Why Male Mentors Can Benefit Women in Tech

No one questions the value of female mentors for women in technology. Their career moves and personal perspective are needed to inspire and educate the relatively small number of women in the sector. But many women don’t realize that having a male mentor can be valuable, as well.

Male MentorFor close to a decade, the number of women in IT has stagnated, remaining at a quarter of the technology workforce, according to the Bureau of Labor Statistics. That compares to the nearly 50 percent women in the overall civilian workforce. According to Anandhi Bharadwaj, professor of information systems and operations management at Emory University, the number of men compared to women in tech makes it imperative that female IT professionals seek out male mentors.

Since men seem to move much more quickly from position to position than their female counterparts, women can benefit from the larger network that men can open up to them. “The first person to get passed over for a promotion or to be laid off is the one without the mentor and access to a strong and wide network,” Bharadwaj says. “You have to get both women and male mentors who can look out for you on the job. But they also need to help you be relevant and get you ready for the next promotion.”

A Different Perspective

Tapping into the wider network that male mentors can offer just makes sense, adds Ekaterina Walter, co-founder and CMO of BRANDERATI and author of The Wall Street Journal bestseller Think Like Zuck: The Five Business Secrets of Facebook’s Improbably Brilliant CEO Mark Zuckerberg. By tapping into that wider network, women get insight into how their male colleagues think and advance. “They know how to play the game, and they can help you navigate those waters and will tell you how other male executives think,” Walter explains.

Male mentors may also approach work in a different manner than their female counterparts. “While it’s not a blanket statement, men do have a different approach to problem solving,” Walters says. But she doesn’t discount the notion of having female mentors, as well. “Both agendas have amazing things to offer. It’s not a secret, but our minds sometimes work differently.”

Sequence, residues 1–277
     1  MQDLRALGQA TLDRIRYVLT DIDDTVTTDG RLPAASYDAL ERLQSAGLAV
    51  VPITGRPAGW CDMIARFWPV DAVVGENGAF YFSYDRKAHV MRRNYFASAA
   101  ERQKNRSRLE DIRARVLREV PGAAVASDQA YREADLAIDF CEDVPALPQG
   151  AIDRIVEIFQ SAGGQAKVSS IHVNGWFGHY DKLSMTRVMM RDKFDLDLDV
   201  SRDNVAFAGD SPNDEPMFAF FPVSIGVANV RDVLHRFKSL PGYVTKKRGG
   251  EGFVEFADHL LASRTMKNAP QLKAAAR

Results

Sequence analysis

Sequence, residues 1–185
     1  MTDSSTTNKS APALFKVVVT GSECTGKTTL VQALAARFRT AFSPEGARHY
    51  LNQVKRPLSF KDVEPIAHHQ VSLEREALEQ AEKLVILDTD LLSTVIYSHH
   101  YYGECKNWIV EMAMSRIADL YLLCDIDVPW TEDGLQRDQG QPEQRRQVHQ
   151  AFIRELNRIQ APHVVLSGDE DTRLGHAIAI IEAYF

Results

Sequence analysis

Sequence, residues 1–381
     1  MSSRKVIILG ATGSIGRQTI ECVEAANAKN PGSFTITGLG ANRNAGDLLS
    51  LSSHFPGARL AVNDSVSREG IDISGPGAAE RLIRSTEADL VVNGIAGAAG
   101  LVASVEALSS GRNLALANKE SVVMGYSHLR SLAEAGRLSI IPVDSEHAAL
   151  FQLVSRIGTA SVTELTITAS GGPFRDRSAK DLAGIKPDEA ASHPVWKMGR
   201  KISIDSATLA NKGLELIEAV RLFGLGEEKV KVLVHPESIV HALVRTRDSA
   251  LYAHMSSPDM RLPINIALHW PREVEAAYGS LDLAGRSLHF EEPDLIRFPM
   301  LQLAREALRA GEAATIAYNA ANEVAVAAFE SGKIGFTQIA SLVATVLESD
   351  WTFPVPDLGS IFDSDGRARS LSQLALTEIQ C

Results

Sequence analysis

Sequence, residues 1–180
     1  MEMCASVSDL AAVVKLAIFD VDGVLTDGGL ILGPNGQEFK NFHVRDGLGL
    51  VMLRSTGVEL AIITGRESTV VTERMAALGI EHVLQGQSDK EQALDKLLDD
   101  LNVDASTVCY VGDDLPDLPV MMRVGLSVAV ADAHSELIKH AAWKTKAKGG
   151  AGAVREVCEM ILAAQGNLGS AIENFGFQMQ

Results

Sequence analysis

Getting Beyond Stereotypes

Having male mentors also provides insight into how men perceive women in the workplace. Phyllis Kolmus, president of the advocacy group Women in Technology and deputy group director at AT&T Government Solutions, believes it’s wise to get beyond the stereotypes and understand the male point of view to overcome workplace prejudice. While that doesn’t mean that discrimination and bias don’t exist, the value of getting into the minds of your male colleagues shouldn’t be discounted. “You need female and male mentors,” she says. “All of the studies show that companies benefit from diversity, and people benefit from diversity, too. If you exclude half the population as mentors, you’ve lost a lot of that potential.”

What to Look for in a Mentor

Of course, a mentor’s gender may be less important than their approach and willingness to help junior colleagues. It’s always good to seek out someone who is a role model, even if that mentor is a man, Kolmus believes. “Look for someone who is doing what you want to be doing or working in a way that resonates with you,” she says. “You need someone you have good chemistry with.”

Male mentors also learn a ton from their women mentees. In the long run that, too, benefits women in tech. “There’s an unplanned benefit when you engage a male mentor,” says Kolmus. “You open their eyes when you share your experiences. Men can be biased and they don’t always realize it.”

“We’re not only learning from them,” she adds. “They’re learning from us. It can change the world for us.”

Comments

  1. BY Hot-T says: